Early Learning: America's Middle Class Promise Begins Early
"If we make high-quality preschool available to every child, not only will we give our kids a safe place to learn and grow while their parents go to work; we'll give them the start that they need to succeed in school, and earn higher wages, and form more stable families of their own.
By the end of this decade, let's enroll 6 million children in high-quality preschool. That is an achievable goal that we know will make our workforce stronger."
-- President Barack Obama
The foundation of a thriving middle class is access to a strong education for every child beginning in the first few years of life. Sadly, millions of children in this country are cut off from quality early learning. The Obama administration is committed to closing this opportunity gap by working with states and local communities to expand high-quality early education programs for our nation's children.
There is a tremendous unmet need for high-quality early learning throughout the country. Across the country, fewer than three in ten 4-year-olds are enrolled in a high-quality preschool program. 1 Yet, the importance of early learning is clear. Studies prove that children who have rich early learning experiences are better prepared to thrive in kindergarten and beyond.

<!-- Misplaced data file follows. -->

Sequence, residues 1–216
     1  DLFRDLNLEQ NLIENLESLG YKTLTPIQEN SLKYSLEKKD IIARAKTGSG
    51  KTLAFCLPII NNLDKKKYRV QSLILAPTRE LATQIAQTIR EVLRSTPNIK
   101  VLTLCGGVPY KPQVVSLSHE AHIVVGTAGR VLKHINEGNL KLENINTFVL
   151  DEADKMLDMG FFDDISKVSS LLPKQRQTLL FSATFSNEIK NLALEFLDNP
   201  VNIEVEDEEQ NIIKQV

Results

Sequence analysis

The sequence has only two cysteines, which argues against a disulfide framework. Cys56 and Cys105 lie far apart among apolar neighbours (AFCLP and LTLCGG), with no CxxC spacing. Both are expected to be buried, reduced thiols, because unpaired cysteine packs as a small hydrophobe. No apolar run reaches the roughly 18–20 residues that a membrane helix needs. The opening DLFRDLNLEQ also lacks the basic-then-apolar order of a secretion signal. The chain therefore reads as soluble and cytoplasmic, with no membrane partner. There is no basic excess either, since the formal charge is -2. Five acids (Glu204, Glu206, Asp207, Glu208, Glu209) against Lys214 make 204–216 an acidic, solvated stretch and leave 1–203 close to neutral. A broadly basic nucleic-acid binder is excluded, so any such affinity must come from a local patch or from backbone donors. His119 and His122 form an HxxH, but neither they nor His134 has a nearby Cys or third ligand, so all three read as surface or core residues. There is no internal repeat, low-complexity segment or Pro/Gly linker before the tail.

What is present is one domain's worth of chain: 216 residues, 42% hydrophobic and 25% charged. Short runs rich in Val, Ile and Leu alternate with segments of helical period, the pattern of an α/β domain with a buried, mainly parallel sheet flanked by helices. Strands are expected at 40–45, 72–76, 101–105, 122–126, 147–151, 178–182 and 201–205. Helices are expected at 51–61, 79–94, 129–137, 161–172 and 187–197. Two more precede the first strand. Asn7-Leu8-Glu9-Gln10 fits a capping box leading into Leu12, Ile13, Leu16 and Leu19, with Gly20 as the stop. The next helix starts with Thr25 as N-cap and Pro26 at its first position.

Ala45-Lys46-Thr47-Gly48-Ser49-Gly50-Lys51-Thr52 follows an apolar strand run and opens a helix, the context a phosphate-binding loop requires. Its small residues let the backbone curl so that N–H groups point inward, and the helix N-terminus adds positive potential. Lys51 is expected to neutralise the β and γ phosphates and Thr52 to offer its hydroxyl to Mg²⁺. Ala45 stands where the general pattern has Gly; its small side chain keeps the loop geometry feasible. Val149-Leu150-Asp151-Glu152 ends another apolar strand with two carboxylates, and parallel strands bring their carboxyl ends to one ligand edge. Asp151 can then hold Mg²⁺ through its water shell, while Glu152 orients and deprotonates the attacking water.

Children in countries as diverse as Mexico, France, and Singapore have a better chance of receiving preschool education than do children in the United States. In fact, the U.S. ranks 25th in the world in early learning enrollment. For children in the United States who do attend, quality varies widely and access to high-quality programs is even more limited in low-income communities. Doing better is more than just a moral and educational imperative; it's smart government. Every public dollar spent on high-quality preschool returns $7 through a reduced need for spending on other services—such as remedial education, grade repetition, and special education—as well as increased productivity and earnings for these children as adults.